Setup New Python Project with pyscaffold

This guide shows you how to setup a new Python project. This package can then be uploaded to PyPI to make it available to everyone.

The examples used in this guide were run and tested on Ubuntu 14.04 with Python 3.4.0. If you're using a different platform you may have to tweak the instructions accordingly.

This guide was possible thanks to How to Setup a new Python Project.

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pkgsrc on Linux - Quickstart Guide [DEPRECATED]

WARNING This is an old and unmaintained post. It has been superseded by Essential pkgsrc - The Missing Mini Handbook. I highly encourage you to read the updated post. This post has not been removed so links from other sites don't break.

Do you want to try out pkgsrc on Linux? Here’s a quickstart guide (tested on Ubuntu 14.04). Of course, always refer to the pkgsrc guide for accurate information.

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Code Ghar Blog's New Home

You may be more familiar with Code Ghar blog over at WordPress. I will continue that blog at this location now. The old blog will remain available to minimize deadlinks from other parts of the www.

Edit (2015-02-24): I have started migrating most of the posts from WordPress. It's a slow process because html2rest created reST files that were about 95% working. Fixing them manually is taking time.

Install Nikola in virtualenv

Nikola is a static website/blog generator written in Python. You can install it in a virtualenv. Although it supports Python 2 and Python 3 I had trouble using Nikola version 7.1 with Python 3.4. Python 2.7 (tested on Ubuntu 14.04) and Python 3.3 (tested on Mac OS X Mavericks) worked fine.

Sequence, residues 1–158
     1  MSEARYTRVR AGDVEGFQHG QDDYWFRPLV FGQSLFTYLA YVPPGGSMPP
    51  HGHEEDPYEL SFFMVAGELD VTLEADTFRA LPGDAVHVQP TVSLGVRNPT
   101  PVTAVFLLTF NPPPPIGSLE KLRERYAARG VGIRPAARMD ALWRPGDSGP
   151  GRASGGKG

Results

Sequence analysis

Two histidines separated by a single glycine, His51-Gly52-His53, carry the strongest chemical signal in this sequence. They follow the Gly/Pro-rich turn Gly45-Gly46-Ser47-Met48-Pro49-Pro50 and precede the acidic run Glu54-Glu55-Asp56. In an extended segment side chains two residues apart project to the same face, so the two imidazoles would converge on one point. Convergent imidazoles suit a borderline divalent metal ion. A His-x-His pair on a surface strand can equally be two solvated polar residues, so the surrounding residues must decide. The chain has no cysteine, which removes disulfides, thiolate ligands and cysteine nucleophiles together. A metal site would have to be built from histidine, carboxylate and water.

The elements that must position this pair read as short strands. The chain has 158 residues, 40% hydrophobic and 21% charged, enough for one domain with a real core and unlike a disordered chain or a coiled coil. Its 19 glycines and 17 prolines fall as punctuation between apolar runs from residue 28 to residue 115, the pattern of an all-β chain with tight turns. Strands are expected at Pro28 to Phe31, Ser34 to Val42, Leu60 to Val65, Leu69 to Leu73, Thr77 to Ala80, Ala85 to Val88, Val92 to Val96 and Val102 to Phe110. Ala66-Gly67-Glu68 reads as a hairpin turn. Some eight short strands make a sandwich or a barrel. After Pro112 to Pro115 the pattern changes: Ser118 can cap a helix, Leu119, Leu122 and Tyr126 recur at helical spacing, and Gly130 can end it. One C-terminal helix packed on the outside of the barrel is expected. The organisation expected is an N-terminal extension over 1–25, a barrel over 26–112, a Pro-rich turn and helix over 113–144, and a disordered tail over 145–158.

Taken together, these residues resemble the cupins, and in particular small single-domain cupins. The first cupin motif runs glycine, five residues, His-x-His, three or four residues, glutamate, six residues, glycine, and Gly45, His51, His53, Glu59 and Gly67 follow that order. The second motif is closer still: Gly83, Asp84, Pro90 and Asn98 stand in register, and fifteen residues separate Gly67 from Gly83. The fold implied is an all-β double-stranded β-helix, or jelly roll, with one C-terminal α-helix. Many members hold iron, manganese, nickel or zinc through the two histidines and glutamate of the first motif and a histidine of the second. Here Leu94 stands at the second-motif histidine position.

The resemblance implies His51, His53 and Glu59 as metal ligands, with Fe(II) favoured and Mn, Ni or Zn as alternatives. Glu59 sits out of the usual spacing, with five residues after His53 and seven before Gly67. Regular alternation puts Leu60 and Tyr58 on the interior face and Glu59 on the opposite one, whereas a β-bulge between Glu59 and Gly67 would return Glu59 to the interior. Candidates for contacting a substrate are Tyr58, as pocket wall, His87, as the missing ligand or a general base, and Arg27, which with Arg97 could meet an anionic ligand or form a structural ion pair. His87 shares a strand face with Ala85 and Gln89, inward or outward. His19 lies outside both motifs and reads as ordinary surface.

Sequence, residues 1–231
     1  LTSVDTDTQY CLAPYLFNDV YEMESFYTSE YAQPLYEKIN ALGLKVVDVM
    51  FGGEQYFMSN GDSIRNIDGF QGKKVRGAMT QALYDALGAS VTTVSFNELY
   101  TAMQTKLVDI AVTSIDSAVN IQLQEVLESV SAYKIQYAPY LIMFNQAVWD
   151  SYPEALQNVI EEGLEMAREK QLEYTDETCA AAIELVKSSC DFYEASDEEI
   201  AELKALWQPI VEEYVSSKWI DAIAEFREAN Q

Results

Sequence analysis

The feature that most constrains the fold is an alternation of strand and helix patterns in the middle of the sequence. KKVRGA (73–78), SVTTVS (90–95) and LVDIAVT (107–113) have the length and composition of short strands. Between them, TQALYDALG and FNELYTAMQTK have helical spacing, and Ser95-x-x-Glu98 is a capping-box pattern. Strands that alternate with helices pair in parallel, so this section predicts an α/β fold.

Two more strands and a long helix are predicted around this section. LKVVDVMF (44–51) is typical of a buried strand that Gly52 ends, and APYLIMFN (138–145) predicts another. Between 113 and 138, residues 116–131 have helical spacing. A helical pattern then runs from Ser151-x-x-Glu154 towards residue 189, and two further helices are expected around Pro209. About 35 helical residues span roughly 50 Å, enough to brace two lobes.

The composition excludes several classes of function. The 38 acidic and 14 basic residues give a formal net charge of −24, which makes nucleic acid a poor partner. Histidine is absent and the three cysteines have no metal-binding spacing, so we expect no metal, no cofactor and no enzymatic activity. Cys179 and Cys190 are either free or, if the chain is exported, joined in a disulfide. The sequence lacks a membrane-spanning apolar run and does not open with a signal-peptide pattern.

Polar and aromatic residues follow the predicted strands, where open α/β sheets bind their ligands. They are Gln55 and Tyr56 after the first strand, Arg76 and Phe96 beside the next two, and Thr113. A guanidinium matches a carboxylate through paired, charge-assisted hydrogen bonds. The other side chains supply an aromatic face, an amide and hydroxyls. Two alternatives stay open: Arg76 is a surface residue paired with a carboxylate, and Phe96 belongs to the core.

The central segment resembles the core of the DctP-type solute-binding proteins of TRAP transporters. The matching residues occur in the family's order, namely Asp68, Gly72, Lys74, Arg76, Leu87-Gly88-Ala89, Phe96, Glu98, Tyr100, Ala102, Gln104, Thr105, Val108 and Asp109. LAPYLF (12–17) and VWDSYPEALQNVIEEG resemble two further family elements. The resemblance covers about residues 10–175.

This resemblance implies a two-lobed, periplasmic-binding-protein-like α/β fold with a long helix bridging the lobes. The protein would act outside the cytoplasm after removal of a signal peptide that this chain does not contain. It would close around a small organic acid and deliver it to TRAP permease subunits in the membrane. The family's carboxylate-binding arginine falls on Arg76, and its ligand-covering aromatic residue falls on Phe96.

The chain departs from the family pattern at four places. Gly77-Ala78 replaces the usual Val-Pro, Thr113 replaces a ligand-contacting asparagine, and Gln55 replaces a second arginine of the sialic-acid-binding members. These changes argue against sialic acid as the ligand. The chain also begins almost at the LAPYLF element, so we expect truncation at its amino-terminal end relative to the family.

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gevent Quickstart Guide

This is a simple list of steps on how to get started with installing gevent on openSUSE (tested on openSUSE 13.1 with gevent 1.0.1). We'll use virtualenv instead of a system-wide install.

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SSH Cookbook: Temporarily Disable Security Message on Connection to a Remote Server

First off, DO NOT do this all the time. ONLY do this when you have evaluated the risks and decided to risk a security breach anyways. I usually do this in my testing environment where I get to work with a lot of new or changing VMs.

When you connect for the first time to a server you are prompted to verify its fingerprint. It is then added to your ~/.ssh/known_hosts file so when you connect the next time and the fingerprint matches you are not prompted again. For example:

The authenticity of host '192.168.1.22 (192.168.1.22)' can't be established.

RSA key fingerprint is 00:00:00:00:00:00:00:00:00:00:00:00:00:00:00:00.

Are you sure you want to continue connecting (yes/no)?

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